Netflix. Hulu. Amazon Prime. HBO. YouTube Kids. Affordable flat screen TVs. No driving. Gas prices. Ticket prices. Insane candy prices. Ludicrous drink prices… These are just a few of the reasons NOT to take your kids to the movies.

And yet, I love movies. My kids love movies. Unfortunately, a majority of movie theaters operate like it’s 1985 and they’re the only game in town. And since they won’t reassess how they do business to keep families coming to the movies, I will, starting with this breakdown of FOUR reasons why they need to offer trailer-free kids movies.


Showing movie trailers to little kids is like dangling a chocolate frosted donut in front of them, letting them see it, smell it, anticipate it… and then ripping it away at the last minute just as they zero in on it. Then doing it again with a powdered donut. Then an éclair. Then maybe a sprinkled donut. Then doing it four more times before finally allowing them to actually, you know, enjoy a donut. It’s dumb. By the time they get to the donut you’re there to eat, they’re so irritated about being taunted with the other donuts that they don’t even want the big one they’ve been waiting for and now you have to convince them that this one won’t be taken away in a minute.

“Yes, this is the movie” is something millions of parents should never have to say again. I mean, what a lame way to start a viewing experience. Kids think about forty seven seconds ahead. They don’t care that the studio is releasing Moana 2 until about an hour before they go see it. It’s not necessary to let them know it comes out in seven months.


I don’t know about your little kids, but my kids have a roughly 90-minute attention span, give or take ten minutes. If we’re going to the theater to see a movie, I don’t want to burn twenty minutes on ‘trailers’ and ‘shorts’ and other nonsense that ensures the fact that my kids are going to get antsy and want to leave well before the movie ends. There’s only so long they’ll sit in those seats no matter how captivating the talking fox or singing octopus is. I still have not seen the final act of The Good Dinosaur, Minions or The Secret Life of Pets because of this very reason.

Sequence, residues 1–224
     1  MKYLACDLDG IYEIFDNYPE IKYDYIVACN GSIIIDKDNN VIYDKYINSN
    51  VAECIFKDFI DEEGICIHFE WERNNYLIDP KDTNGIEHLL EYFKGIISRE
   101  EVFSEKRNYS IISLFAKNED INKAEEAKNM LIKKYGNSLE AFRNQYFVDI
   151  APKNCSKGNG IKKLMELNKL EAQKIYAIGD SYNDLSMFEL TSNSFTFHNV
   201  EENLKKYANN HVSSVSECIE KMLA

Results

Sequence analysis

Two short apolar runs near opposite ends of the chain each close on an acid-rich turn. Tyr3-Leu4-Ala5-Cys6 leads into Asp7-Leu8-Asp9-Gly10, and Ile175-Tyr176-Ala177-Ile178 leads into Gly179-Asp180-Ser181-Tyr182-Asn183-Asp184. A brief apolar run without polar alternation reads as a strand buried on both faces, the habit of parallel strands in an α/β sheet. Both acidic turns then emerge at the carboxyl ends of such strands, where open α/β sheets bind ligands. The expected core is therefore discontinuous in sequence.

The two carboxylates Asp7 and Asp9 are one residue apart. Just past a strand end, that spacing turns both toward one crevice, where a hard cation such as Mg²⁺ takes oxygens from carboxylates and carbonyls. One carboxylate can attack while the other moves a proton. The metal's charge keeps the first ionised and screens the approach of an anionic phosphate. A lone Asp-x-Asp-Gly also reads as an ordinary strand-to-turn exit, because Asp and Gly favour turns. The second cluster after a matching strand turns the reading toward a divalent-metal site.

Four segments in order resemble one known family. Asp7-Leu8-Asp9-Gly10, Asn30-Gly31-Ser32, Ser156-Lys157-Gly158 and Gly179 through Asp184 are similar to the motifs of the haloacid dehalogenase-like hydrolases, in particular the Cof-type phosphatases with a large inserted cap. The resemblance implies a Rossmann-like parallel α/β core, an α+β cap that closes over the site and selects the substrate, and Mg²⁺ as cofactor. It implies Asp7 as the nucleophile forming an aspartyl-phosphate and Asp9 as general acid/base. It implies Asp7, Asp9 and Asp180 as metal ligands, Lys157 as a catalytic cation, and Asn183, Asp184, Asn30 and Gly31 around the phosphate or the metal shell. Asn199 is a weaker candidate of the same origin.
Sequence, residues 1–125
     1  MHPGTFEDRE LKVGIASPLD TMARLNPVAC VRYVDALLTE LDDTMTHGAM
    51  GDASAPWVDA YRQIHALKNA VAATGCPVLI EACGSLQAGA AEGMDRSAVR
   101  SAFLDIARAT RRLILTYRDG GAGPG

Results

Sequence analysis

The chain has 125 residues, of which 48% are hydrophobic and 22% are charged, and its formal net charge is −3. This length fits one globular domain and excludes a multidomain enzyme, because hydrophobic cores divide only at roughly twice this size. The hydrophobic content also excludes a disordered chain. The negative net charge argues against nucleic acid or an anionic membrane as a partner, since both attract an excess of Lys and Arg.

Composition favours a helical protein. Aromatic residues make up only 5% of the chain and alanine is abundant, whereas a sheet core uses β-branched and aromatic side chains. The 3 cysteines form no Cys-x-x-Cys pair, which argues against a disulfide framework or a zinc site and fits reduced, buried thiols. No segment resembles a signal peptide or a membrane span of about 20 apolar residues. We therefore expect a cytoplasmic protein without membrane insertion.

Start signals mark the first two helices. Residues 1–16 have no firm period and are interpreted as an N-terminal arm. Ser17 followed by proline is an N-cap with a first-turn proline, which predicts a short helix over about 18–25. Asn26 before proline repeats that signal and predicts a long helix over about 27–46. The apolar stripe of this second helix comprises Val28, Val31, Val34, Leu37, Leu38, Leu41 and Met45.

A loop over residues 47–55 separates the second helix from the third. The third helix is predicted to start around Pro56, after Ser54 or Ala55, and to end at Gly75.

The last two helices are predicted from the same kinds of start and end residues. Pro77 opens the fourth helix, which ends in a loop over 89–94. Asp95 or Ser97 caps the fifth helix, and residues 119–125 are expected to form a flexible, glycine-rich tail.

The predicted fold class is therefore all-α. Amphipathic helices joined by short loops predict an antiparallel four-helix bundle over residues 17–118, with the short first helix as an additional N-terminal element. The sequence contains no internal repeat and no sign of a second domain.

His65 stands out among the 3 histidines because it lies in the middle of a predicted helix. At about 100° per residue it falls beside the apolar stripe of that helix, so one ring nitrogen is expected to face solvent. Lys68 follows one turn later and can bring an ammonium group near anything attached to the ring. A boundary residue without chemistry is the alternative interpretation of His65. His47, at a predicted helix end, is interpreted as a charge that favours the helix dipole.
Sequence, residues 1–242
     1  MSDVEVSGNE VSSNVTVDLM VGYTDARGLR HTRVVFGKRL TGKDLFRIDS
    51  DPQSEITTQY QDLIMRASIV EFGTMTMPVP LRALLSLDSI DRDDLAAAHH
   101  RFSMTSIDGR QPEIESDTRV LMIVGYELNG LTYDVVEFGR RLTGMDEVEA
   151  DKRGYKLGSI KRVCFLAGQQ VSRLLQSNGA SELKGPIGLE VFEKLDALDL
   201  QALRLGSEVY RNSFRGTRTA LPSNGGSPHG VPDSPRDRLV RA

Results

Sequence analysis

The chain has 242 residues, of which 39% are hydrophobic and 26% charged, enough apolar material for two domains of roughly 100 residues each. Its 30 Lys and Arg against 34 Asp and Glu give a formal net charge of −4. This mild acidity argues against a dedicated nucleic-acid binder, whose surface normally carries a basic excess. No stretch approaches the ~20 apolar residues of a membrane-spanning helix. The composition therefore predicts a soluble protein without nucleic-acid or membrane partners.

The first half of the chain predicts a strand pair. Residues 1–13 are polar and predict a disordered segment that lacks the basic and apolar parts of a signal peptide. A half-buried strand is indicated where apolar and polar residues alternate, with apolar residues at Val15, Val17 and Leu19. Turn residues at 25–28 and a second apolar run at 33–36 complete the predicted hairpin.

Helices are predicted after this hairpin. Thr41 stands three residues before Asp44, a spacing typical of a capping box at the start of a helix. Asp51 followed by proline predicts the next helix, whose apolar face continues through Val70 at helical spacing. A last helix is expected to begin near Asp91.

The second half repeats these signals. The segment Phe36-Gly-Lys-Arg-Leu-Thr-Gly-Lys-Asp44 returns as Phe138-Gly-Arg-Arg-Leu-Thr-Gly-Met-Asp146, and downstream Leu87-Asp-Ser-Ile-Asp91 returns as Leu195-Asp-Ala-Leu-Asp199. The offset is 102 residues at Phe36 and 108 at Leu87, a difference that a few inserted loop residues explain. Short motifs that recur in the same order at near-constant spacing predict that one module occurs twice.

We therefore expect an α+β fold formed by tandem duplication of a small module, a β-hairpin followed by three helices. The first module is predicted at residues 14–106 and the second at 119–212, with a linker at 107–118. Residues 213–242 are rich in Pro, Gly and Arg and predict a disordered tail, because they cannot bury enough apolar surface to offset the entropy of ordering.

Candy and popcorn are not movie theater snacks or treats… they’re time-buyers, allowing you to buy time to keep your kid occupied and busy as they settle into the movie so they don’t bug you or ask to leave or want to walk around just as it’s getting started. Showing a half-dozen movie trailers completely and totally cancels out the time bought by giving your kid snacks… In fact, they’re a net negative. With too many trailers, kids end up finishing their treats at almost the exact time the movie starts, and now the clock is ticking on how long they’ll make it and/or be hungry again or have to go to the bathroom. If you start the movie right away, we’re deep into Act I before the snacks are done and we’re well on our way and settled in. Also, I know production companies pay to promote their movies one way or another, BUT, no trailers means you can probably offer one extra daytime/primetime showing of a hit kids movie with all the time you save. See, everyone wins!


Guess what? Movie trailers are online.


Look, I know why theaters and studios want to show twenty minutes of kid movie trailers…but are there any parents with little kids out there who would care if they disappeared? Do kids ever ask to see nine trailers before you fire up Jungle Book on Netflix? Nope. Ditch’em theaters. They’re dead weight from another era.

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Jon Finkel is the author of “Mean” Joe Greene: Built By Football, Heart Over Height w/ 3x NBA Dunk Champion Nate Robinson, Forces of Character w/ 3x Super Bowl Winner and Fighter Pilot, Chad Hennings, Jocks-in-Chief and the best selling fatherhood fitness book, The Dadvantage.

His new biography on Heisman Trophy Winner and New York Knicks veteran Charlie Ward is available now: